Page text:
Critics Take Aim
In A Pledge to Pay Morehouse College Students’ Debt Prompts Elation, Envy and a Host of Questions (May 22, 2019), New York Times reporters describe the mixed reaction to the Smith generosity: “Days after … [the pledge]…, euphoria was not the only emotion in the air.”
Quickly after the announcement, “…on Morehouse’s Atlanta campus and beyond, administrators, students and parents – and no shortage of philanthropy experts – have spent the subsequent days wondering exactly how Robert F. Smith, … would fulfill his promise: … “both an extraordinary gift and a complicated one.”
The debate and discussion that followed focused on several points. First, the gift provides full relief for these graduating seniors, but doesn’t help many others including those Morehouse classmates who had to drop out before graduation for lack of funds. And – of course – many of the other college graduates around the U.S. will continue to have massive student-loan debt.
Second, the student-loan debt crisis is unlike a disaster or accident; it is an otherwise preventable failure of government and academic policy. In many other countries around the world, college graduates step out into the world debt-free. In We Are Applauding the ‘Gift’ of an Affordable Education. Something Has Gone Wrong (May 20, 2019) the NYT Editorial Board presents compelling arguments that philanthropy should not have to rescue government malfeasance.
These journalists make pointed historical reference to other examples of massive generosity in the United States (including – for instance – over 100 years ago, Andrew Carnegie’s building of 1,689 libraries around the nation) still “celebrated as monumental works of philanthropy.” Instead, the Editorial Board argues, “they should be seen as monuments to the failure of public policy” because the “Gilded Age plutocrats” amassed their fortunes before any income tax was established. If there had been an income tax, the U.S. could have used the revenue to build the libraries directly.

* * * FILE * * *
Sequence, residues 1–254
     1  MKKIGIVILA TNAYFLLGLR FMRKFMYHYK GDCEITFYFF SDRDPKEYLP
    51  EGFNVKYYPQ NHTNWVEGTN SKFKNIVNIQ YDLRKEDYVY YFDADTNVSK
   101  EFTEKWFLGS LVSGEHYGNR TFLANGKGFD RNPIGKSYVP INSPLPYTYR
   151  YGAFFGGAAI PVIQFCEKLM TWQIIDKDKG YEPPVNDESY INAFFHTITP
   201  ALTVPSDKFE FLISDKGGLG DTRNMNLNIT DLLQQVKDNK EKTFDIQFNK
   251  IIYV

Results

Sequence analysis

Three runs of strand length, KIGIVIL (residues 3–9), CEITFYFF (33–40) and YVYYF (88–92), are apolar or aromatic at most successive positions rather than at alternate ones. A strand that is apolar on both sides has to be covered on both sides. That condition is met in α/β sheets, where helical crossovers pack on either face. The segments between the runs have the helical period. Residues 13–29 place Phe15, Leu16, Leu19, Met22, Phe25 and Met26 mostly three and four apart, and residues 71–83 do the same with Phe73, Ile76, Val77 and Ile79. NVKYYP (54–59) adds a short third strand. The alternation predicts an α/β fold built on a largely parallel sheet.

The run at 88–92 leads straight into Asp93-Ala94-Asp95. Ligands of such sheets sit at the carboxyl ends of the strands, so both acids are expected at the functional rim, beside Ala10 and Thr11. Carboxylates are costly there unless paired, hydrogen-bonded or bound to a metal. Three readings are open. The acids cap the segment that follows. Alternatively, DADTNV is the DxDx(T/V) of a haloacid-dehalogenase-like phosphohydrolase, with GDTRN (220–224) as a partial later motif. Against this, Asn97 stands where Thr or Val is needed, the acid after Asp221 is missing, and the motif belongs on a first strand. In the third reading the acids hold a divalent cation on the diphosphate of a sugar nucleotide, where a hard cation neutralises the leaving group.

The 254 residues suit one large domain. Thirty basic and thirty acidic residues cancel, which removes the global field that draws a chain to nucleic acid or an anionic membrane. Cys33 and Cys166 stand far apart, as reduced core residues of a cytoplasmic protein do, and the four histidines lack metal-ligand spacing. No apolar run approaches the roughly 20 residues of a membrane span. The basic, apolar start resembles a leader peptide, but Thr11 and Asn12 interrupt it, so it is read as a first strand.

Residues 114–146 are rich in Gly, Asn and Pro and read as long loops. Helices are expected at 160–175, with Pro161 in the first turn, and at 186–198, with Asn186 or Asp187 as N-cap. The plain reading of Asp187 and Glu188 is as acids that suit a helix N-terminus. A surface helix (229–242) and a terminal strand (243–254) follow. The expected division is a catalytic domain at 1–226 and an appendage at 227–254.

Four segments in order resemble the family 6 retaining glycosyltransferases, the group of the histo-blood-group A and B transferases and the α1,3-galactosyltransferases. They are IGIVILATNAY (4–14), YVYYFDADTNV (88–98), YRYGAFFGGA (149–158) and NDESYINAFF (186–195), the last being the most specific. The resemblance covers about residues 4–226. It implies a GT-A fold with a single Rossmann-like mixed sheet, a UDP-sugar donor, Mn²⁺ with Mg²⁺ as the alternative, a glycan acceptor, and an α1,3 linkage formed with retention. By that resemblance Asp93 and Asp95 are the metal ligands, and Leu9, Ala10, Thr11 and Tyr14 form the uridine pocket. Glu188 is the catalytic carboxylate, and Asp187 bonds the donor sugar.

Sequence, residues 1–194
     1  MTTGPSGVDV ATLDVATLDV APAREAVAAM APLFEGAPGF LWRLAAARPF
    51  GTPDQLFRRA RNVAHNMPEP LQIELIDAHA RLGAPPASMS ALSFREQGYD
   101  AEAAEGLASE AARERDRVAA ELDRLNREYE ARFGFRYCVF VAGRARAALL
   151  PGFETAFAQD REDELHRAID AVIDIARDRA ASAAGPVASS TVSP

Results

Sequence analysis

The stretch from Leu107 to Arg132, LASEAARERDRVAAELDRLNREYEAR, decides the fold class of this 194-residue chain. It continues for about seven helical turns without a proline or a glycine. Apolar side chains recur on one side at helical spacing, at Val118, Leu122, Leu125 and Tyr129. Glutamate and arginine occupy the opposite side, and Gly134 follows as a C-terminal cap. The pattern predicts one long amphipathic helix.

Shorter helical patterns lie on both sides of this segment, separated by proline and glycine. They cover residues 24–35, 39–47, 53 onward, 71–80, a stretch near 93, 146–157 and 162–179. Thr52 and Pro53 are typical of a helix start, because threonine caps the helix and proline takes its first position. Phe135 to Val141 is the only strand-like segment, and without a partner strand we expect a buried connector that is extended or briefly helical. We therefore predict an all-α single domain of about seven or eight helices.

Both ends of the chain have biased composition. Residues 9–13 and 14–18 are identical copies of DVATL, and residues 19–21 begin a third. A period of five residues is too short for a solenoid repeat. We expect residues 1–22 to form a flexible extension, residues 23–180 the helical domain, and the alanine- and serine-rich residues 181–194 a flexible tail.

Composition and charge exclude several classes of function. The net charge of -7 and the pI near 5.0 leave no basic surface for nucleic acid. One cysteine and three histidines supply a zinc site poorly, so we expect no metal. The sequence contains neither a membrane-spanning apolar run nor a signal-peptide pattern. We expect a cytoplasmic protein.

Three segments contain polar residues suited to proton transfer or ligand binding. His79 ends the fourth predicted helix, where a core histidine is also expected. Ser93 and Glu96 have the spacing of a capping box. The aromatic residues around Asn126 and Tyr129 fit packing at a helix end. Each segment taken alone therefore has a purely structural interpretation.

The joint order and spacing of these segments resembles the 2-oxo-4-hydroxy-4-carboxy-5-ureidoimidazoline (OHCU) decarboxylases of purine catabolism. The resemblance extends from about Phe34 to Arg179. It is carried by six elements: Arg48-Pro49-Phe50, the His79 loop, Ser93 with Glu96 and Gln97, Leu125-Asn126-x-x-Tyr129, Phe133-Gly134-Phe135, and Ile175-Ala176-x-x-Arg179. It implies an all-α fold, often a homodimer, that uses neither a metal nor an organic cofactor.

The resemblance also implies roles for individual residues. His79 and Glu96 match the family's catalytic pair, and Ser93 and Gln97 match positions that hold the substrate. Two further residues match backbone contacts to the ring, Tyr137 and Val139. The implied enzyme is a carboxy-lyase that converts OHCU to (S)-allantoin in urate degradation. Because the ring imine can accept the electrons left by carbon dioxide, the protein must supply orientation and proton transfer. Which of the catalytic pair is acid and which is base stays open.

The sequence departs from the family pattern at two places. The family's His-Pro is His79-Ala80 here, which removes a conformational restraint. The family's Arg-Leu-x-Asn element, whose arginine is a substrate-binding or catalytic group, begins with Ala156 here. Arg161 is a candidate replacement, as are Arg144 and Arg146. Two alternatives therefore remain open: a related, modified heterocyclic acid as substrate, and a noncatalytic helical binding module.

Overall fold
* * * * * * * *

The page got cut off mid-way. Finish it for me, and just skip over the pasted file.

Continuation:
“Now history is repeating itself. A new generation of plutocrats has amassed great fortunes, in part because the federal government has minimized the burden of taxation. Americans once again are reduced to applauding acts of philanthropy necessitated by failures of policy.”
Third, without careful advance planning for such a huge transfer of money, there may be adverse tax consequences to the graduating seniors, according to tax experts. Smith’s eleventh-hour spurt of generosity was a wonderful gesture, but such a gift requires careful consultation and coordination.
The Morehouse announcement has some similarities to the Cathedral fire fundraising in that critics legitimately worry about the concentration of philanthropy funneled to one or another specific projects while many other needs and requests for help are left unmet.
But there is concern, too, about the wisdom of criticizing other people’s philanthropic acts – particularly if the end result is that philanthropists, stung by the rebuke, step back from making generous gifts.
– Linda J. Rosenthal, J.D., FPLG Information & Research Director